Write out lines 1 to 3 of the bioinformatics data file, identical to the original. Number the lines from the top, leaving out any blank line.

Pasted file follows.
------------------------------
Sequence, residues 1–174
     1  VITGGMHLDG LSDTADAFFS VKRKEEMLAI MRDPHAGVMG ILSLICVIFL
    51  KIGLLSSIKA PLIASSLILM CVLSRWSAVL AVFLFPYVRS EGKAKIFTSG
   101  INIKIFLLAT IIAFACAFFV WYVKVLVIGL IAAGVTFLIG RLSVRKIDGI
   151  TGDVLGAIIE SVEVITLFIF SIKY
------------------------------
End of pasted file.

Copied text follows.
Sequence, residues 1–174
     1  VITGGMHLDG LSDTADAFFS VKRKEEMLAI MRDPHAGVMG ILSLICVIFL
    51  KIGLLSSIKA PLIASSLILM CVLSRWSAVL AVFLFPYVRS EGKAKIFTSG